by Raina, staff writer of japan-guide.com
2017/03/21 - A bit of everything in Fukui
Short trips are always good to refresh and reset your senses, whenever it feels like the city gets too overwhelming and you need some time away. Beach front vacation rentals, peace and tranquility in the mountains and delicious local cuisine, these are the things I would look for that I know would make a great holiday. Fukui Prefecture checks all the boxes, and I found myself heading back to the prefecture again about a year after my last trip.
On this trip, I visited the towns of Wakasa, Ohi and Takahama along the Wakasa Coast (also known as the Reinan Coast) and dropped by the Echizen Pottery Village before going home. It was a short trip lasting about 30 hours but I managed to squeeze in four meals and visit a number of attractions. The Shirasagi and Thunderbird limited express trains stop at Tsuruga Station, which was my main point of entry. Access from Tokyo to the Wakasa Coast will become faster and more convenient in a few more years when the Hokuriku Shinkansen gets extended all the way to Tsuruga.
Renting a car is recommended to explore the region as many of the attractions are not served by public transport. Rental car outlets can be found at Tsuruga and Fukui stations. If you are planning to visit during the winter months, make sure that you are prepared for snowy conditions. The snow had all melted when I was there towards the end of March, but I spotted a few small patches of snow in the mountainous areas.
Wakasa Town was my first stop, and I visited Taiouji Temple after lunch. The temple is famous for its icho kannon, where a statue of the kannon bodhisattva was carved into the trunk of an icho (ginkgo) tree. The temple was really quiet when I was there, and even though I was not trespassing, I couldn't help but wonder if I was. If peace and quiet is what you are looking for, Taiouji should definitely be on your list.
Moving on to Takahama Town, I checked out the popular Wakasa Wada Beach which was awarded Blue Flag status last year and possibly again this year. Being a certified Blue Flag beach indicates that Wakasa Wada Beach has met the strict standards which includes water quality, cleanliness, safety amongst others, set out by an international committee. Ramping up their efforts from last year, there are plans to convert unoccupied houses in the area into holiday rentals and community spaces. I cannot wait to visit in the warmer months next time to check out all these exciting new additions.
If lounging at the beach is not your kind of thing, the narrow alleyways of Wada just across from the beach may be of interest to you. There used to be about 500 minshuku homes in the stretch of land between the station and the beach back in the day, but their numbers have dwindled down to just around 40 homes that are still in operation. Known as Wada no Roji, going down the narrow alleys that twist and turn are an interesting way to check out the homes that still retain their architecture from the good old days. The Wada de Roji festival is held in mid September every year and empty homes are turned into temporary art galleries for that weekend.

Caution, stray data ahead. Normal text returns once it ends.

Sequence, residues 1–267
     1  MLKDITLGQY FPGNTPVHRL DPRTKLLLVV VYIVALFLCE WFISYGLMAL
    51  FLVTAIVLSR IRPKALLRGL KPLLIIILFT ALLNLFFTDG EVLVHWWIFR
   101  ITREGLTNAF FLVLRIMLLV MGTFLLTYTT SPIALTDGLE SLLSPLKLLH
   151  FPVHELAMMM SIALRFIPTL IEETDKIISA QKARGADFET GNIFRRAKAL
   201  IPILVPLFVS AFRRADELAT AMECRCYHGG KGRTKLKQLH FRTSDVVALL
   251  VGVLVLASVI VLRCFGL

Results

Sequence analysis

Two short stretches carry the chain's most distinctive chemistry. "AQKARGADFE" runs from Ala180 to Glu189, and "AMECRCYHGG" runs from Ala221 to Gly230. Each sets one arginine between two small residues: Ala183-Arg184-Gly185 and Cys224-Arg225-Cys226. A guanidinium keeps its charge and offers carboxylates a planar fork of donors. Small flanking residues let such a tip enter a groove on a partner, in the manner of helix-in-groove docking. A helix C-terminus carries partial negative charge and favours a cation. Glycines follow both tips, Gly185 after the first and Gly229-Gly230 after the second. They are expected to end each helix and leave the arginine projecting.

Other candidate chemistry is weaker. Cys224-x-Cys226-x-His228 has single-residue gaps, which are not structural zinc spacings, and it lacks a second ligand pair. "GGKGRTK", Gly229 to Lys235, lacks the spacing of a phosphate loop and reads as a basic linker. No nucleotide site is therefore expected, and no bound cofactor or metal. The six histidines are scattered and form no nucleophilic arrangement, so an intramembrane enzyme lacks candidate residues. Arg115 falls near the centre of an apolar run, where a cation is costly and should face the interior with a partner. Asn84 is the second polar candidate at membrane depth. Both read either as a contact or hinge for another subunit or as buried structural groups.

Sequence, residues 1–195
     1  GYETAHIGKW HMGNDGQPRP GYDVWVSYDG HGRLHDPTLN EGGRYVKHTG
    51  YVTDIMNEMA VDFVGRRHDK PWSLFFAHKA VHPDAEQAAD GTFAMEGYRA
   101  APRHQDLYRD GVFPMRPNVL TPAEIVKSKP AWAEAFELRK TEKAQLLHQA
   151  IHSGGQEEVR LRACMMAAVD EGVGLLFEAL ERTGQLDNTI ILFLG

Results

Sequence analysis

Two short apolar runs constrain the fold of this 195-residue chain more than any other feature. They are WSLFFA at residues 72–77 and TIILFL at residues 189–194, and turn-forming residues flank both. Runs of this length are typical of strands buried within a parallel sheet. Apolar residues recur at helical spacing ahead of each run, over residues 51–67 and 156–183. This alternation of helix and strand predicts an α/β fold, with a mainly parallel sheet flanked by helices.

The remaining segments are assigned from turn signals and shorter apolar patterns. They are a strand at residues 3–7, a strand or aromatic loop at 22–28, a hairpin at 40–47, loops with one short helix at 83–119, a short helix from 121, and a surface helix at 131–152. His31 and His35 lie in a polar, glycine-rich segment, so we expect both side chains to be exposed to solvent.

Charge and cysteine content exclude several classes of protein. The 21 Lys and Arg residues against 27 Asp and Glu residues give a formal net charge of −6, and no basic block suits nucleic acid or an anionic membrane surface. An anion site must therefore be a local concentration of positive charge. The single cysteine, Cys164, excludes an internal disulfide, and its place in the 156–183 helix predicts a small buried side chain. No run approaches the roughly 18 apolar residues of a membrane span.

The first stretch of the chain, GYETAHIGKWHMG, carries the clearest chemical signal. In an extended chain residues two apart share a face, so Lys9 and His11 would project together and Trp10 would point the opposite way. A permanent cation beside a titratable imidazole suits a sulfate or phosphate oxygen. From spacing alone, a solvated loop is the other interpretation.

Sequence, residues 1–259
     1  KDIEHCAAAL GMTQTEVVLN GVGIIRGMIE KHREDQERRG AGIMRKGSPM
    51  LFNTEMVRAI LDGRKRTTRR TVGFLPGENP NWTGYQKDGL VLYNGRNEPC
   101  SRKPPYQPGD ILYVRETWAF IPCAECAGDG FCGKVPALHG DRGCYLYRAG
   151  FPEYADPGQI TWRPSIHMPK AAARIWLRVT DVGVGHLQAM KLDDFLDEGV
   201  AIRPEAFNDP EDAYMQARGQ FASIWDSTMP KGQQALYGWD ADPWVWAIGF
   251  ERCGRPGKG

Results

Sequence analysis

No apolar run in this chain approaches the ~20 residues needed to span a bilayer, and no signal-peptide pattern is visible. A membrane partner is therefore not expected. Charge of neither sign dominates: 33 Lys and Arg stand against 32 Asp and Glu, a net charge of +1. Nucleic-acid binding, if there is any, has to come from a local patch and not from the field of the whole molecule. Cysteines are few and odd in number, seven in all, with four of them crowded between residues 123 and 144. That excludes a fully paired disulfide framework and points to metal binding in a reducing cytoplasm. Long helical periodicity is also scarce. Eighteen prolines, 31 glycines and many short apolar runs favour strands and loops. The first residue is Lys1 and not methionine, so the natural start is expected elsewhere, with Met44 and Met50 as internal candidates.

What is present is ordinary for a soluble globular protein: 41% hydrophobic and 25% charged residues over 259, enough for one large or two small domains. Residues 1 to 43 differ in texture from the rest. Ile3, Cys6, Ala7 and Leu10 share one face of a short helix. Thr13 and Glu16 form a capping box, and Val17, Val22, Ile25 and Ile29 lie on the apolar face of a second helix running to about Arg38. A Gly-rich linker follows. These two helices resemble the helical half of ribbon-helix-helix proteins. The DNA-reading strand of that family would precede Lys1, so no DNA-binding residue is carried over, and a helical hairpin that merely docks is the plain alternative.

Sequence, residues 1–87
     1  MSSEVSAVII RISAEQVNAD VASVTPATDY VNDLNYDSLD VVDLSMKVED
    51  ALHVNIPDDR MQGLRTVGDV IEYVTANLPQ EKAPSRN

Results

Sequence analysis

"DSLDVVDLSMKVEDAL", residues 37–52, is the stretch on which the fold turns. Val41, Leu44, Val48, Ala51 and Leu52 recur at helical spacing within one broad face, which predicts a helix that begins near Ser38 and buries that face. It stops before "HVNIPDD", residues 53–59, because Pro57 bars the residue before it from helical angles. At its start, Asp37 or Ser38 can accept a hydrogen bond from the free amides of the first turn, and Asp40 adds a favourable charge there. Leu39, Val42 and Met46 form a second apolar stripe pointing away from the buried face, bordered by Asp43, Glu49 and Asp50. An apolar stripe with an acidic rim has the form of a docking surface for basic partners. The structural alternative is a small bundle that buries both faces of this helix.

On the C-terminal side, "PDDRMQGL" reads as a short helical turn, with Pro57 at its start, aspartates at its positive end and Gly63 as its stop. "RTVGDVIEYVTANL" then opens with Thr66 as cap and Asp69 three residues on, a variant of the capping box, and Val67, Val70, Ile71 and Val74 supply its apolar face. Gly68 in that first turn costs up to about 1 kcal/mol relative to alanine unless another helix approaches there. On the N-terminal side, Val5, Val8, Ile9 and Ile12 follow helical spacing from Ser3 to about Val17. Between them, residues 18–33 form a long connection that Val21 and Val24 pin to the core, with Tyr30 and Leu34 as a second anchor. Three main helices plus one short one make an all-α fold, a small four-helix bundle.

Since I was in Takahama, it would have been a shame not to visit its main shrine, Sakichi Shrine. The shrine is the center of the "Seven Year Festival" which is celebrated every six years (every seven years according to the traditional way of counting) and lasts for an entire week. The next time the festival will be held is in June 2019. Three mikoshi are kept in the shrine outside of the festival and there are plans for it to be displayed to the public from the middle of next year.
From there, I headed to Ohi Town, where I visited the slightly curious Koyomi Kaikan. Koyomi, or the Japanese almanac, refers to the cycles of life and seasons in a year, and the Koyomi Kaikan was a museum devoted to explaining the origins of the Japanese almanac and its progression to the Gregorian calendar in use today. Unfortunately, all information in the museum is in Japanese, and it would be very difficult to understand the concepts without any knowledge of the language.
Inside the the museum, visitors can see displays of the ancient Japanese calendar, and modern versions of the almanac from the Edo and Meiji periods. I arrived wondering why was there an almanac museum built almost in the middle of nowhere, but soon found out that Natasho - the place where the Koyomi Kaikan is located - was where a family prominent in almanac studies lived for a period of time. Their graves can be found on a small hill not far from the museum.
Along the Wakasa Coast in Ohi Town, I spent the afternoon making pearl accessories at Mamiya, using locally harvested pearls from the bay. It was quite an experience, as I have never worked with pearls before, but the process wasn't too difficult and the teacher was very patient in explaining the steps and making sure I wasn't destroying anything.
My final stop before leaving Fukui Prefecture was going to the Echizen Pottery Village. Echizen Pottery is one of the oldest types of pottery techniques in Japan and are typically unglazed. I was excited to see and learn more about the traditional pottery style. Located in Echizen Town, the village consists of a pottery park, the Fukui Prefectural Museum of Ceramics, the cultural center and a few shops selling Echizen pottery. Two of the things I also enjoyed was lunch served in Echizen ware and coffee out of my preferred ceramics cup at the cafe in the cultural center, which was a great way to end my trip to Fukui Prefecture.